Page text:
Pentagon Document Classifies Homosexuality as a Mental Disorder
A Pentagon document that surfaced this week classifies homosexuality as a mental disorder, grouping it with retardation and personality disorder. The document has outraged medical professionals, psychologists, and members of Congress, who disagree with this labeling and its discriminatory undertones. The American Psychiatric Association (APA) and the American Psychological Association have both written letters condemning this classification, while nine members of Congress have asked for a full review of the document and policy.
The Center for the Study of Sexual Minorities in the Military (CSSMM) at the University of California, Santa Barbara, which first called attention to this classification, points out that this document was re-certified as “current” in 2003, despite the fact that the APA removed homosexuality from DSM-IV-TR (the definitive guide to mental health classifications) over 30 years ago. Dr. Steven Samuels, a social psychologist who has worked with the military, suggests that this classification is not scientifically derived, but socially and politically motivated. According to CSSMM, he stated that, “to classify homosexuality with mental retardation, impulse control, and substance abuse, shows at best an ignorance of basic psychology and at worse a purposeful intolerance and discriminatory practice that is incompatible with the high values of the military.”
The Pentagon maintains a “don’t ask, don’t tell” policy with regard to closeted homosexuals and prohibits openly gay women and men from serving at all. Within the last year, 726 military members were discharged under the “don’t ask” policy, signaling the first increase in dismissals since 2001. In response to the recent criticism, a Pentagon spokesman said the document is currently under review.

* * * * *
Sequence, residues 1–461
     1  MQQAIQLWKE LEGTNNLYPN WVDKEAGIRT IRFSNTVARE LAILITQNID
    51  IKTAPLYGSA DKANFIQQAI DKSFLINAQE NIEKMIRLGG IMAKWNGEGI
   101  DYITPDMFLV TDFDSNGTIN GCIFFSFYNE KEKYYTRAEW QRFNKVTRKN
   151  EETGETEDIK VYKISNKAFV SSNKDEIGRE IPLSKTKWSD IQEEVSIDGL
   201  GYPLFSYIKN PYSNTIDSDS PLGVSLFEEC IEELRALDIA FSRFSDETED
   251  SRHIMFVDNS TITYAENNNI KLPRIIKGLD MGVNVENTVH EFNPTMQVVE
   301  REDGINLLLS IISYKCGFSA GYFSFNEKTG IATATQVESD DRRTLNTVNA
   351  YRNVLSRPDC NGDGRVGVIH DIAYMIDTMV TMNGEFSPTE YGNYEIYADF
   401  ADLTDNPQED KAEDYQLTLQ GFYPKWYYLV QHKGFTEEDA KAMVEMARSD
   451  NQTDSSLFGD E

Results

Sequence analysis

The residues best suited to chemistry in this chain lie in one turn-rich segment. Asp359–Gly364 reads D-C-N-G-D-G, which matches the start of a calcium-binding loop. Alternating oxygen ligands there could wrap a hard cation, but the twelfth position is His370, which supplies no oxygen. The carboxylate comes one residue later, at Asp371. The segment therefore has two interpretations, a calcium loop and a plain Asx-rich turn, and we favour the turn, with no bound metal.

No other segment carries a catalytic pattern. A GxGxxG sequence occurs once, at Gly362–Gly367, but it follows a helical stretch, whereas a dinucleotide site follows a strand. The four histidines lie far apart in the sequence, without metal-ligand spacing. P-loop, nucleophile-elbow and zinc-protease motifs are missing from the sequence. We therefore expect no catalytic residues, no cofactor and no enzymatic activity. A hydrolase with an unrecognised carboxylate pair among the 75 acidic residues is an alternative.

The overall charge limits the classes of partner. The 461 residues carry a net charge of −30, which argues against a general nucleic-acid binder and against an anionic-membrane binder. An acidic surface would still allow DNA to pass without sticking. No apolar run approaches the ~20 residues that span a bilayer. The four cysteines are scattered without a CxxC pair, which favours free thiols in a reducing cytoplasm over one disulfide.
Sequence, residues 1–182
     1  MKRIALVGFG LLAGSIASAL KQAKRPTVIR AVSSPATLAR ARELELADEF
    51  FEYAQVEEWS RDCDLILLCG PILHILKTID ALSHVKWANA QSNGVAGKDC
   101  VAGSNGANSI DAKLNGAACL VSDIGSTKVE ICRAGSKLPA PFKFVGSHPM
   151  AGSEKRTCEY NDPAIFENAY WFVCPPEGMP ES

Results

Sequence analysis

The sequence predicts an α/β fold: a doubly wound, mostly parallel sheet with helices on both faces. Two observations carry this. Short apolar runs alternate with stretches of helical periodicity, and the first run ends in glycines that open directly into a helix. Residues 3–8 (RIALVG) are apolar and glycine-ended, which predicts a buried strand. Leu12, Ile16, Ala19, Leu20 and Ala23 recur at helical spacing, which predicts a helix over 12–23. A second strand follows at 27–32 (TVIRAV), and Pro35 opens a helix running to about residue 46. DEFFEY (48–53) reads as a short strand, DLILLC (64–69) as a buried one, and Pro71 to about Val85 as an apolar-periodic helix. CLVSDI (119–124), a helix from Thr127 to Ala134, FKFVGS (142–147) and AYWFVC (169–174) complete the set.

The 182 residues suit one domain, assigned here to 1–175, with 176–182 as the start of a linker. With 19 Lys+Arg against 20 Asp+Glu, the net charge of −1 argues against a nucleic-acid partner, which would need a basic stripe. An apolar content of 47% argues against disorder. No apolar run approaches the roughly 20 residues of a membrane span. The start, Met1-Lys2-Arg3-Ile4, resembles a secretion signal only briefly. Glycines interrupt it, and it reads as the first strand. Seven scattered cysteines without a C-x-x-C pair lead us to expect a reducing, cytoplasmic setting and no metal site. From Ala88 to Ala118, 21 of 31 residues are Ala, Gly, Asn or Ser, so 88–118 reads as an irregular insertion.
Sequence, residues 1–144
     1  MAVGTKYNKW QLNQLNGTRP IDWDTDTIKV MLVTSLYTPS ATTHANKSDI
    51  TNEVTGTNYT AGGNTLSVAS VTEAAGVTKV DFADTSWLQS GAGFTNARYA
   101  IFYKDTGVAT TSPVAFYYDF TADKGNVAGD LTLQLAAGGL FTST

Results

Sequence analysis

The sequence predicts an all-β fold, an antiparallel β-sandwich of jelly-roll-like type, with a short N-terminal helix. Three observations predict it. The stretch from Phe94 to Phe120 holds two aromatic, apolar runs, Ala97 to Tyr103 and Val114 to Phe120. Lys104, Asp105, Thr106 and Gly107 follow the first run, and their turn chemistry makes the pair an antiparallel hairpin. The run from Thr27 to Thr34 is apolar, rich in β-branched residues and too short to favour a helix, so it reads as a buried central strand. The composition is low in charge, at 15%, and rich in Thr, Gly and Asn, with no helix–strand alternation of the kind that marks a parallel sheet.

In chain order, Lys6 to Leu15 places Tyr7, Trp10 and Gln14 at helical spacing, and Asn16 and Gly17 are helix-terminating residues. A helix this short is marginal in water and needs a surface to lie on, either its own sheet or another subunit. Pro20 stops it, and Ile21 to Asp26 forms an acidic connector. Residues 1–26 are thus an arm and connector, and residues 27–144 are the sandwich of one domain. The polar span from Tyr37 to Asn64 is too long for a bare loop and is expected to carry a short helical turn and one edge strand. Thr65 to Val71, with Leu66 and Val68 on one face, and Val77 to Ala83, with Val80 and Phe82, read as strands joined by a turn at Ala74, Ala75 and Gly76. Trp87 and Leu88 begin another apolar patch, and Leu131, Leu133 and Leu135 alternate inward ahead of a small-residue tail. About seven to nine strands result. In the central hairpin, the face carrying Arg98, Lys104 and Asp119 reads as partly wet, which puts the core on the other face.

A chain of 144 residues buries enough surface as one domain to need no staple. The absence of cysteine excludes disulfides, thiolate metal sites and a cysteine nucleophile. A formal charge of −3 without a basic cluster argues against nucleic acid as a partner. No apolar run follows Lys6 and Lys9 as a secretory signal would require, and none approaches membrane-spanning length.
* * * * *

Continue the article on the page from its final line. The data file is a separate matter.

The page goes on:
Media Resources: Center for the Study of Sexual Minorities in the Military at UC Santa Barbara 6/20/06; Associated Press 6/20/06; Department of Defense Instruction: Physical Disability Evaluation 11/14/06
2/27/2015 This Bipartisan Bill Will Hold Colleges Accountable for Ending Campus Sexual Assault - A bipartisan bill aimed at holding colleges and universities accountable for rape and sexual assault cases was introduced in Congress yesterday, spearheaded by Senator Kirsten Gillibrand (D-NY).
Some of the Campus Accountability and Safety Act's key key provisions include a requirement of confidential reporting systems on colleges and universities, minimum training requirements for campus personnel, and stricter penalties for schools found to be in violation of Title IX or the Clery Act. . . .
2/26/2015 If This Bill Passes Federal Law Will Add Consent to Sex Ed Curriculums - Right now, federal law does not require health or sex education to include sexual assault prevention - but that could change with a new bill introduced by Senators Claire McCaskill (D-MO) and Tim Kaine (D-VA).
The Teach Safe Relationships Act of 2015, which was introduced earlier this month, would require all public secondary schools in the country to include teaching "safe relationship behavior" in order to help prevent domestic violence and sexual assault. . . .